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Treatment Works: Get Help for Depression

As a practicing psychologist, if I share only one piece of information with service members who experience depression, it is: Treatment works.

October is Depression Screening Awareness Month, but depression is an important issue all year. We know that depression is prevalent. According to the National Institute of Mental Health, major depressive disorder is one of the most common mental disorders in the United States, and women are nearly twice as likely as men to experience depression.

As director of the Defense Centers of Excellence for Psychological Health and Traumatic Brain Injury (DCoE), I want to get the word out that depression is treatable. It is important to note that even the most serious cases of depression can be treated – and the sooner the treatment begins, the better. Patients have many options for treatments that work including psychotherapy – such as cognitive-behavioral therapy and mindfulness – and a number of medications.

In an environment where obtaining mental health care can feel intimidating, it is important that we make the resources available to those in need. It is also important to educate all levels of leadership about depression and other mental health concerns. I want all of our military leaders to know that there shouldn’t be stigma associated with getting care. Psychotherapy and medication work. We have the tools and experts to deliver both, and mental health care in a military setting is always delivered on par with every other type of medical care.

Another important reason to treat depression is the fact that it can be tied to other illnesses. It is a significant cause of morbidity and mortality in populations. Sick folks are often depressed. Depressed folks are often sick.

A vital part of the mission of DCoE is to get the resources into the hands of service members, family members and providers when they need them. The first step to getting help is to know the signs. The signs of depression include:

  • a persistent sad mood
  • inability to have fun
  • irritability (especially in children)
  • problems with energy, sleep, appetite and concentration
  • suicidal thoughts or actions are never normal and always a cause for concern. Suicidality requires medical intervention.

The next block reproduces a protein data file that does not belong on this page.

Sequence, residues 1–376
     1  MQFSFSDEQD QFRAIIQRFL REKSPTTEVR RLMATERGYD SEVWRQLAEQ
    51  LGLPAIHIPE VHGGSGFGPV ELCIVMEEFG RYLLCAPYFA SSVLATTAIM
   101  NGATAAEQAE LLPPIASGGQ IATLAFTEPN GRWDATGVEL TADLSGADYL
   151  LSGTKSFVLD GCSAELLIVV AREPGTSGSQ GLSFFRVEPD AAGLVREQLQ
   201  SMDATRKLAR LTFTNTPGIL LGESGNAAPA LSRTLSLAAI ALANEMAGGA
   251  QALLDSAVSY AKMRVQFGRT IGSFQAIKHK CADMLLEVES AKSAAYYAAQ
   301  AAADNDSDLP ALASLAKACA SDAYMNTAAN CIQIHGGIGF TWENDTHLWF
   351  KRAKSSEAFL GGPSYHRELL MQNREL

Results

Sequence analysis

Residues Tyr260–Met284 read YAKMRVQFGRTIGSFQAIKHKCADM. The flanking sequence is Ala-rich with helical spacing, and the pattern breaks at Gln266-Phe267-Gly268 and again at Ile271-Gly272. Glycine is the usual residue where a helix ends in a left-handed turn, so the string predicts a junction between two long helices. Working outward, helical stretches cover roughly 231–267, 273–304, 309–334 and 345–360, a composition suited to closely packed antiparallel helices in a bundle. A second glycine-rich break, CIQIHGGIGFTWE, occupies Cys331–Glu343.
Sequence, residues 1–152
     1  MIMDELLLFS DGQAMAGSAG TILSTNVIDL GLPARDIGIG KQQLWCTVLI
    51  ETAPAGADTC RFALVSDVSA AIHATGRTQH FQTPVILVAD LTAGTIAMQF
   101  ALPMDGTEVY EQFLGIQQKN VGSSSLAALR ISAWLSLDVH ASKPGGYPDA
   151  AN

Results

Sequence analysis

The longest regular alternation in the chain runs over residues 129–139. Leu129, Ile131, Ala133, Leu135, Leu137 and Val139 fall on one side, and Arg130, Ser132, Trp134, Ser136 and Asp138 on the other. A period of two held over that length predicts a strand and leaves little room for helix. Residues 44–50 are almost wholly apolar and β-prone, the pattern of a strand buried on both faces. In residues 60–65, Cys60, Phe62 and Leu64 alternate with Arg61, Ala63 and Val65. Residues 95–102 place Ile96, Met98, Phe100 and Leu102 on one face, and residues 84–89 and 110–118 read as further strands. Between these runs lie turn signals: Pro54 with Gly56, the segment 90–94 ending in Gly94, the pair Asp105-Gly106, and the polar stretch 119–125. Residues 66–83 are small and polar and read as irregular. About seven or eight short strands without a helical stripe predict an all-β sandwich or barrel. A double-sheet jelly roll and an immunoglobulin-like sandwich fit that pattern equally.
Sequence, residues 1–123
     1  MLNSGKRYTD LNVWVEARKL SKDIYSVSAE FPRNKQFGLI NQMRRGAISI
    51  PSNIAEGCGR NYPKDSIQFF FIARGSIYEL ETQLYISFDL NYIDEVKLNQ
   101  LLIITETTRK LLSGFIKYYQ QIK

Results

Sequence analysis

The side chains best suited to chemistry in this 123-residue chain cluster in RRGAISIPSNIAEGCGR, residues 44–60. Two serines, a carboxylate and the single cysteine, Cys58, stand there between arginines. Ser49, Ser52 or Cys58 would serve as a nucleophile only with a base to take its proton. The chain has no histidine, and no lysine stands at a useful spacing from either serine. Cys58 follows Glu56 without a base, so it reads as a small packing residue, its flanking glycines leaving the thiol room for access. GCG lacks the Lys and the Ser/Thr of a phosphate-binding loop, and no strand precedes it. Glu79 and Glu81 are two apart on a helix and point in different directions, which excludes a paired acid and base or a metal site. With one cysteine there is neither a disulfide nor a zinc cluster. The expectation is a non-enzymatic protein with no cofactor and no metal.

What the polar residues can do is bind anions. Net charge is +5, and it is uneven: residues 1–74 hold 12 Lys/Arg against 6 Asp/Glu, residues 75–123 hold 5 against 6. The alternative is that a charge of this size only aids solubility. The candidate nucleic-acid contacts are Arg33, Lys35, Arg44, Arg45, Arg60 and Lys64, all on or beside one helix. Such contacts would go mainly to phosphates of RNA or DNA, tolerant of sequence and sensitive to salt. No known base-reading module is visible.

If you have these symptoms yourself or see these signs in a loved one, get help.

Over the past few weeks, as the leading office for the Defense Department in advancing excellence in psychological health and traumatic brain injury prevention and care, we’ve highlighted several depression screening tools and resources on the DCoE website, DCoE Blog and social media channels. For more resources, from our centers and partner organizations, please see the list below:

  • Afterdeployment offers free depression screening. A self-assessment is not only easy, it can be your first step toward getting the help you need.
  • The Real Warriors Campaign has many articles on how to manage depression. The Real Warriors Campaign encourages help-seeking behavior among service members, veterans and military families.
  • The National Center for Post Traumatic Stress Disorder (PTSD) is dedicated to research and education on trauma and PTSD. The center works to ensure the latest research findings help those exposed to trauma. This organization has resources and tools for those living with PTSD.
  • The T2 Mood Tracker App allows users to monitor and track emotional health.

Service members in crisis should seek help immediately by going to the nearest emergency room, or contacting the Military Crisis Line. Dial 800-273-8255 (press 1 for military) for 24/7 crisis support. The crisis line provides a confidential chat and text service (838255). Family members and friends of service members or veterans can also use the Military Crisis Line to reach immediate help.

Comments (2)

  • When is someone realy crazy?

    • Azerty, it's important to remember that psychological disorders are diagnosable and treatable. We steer away from words such as "crazy" because they can foster stigma. If you are worried about yourself or someone you know, the DCoE Outreach Center is available 24/7 to answer questions and point to resources. Call 866-966-1020, email or live chat at

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This page was last updated on: September 14, 2017.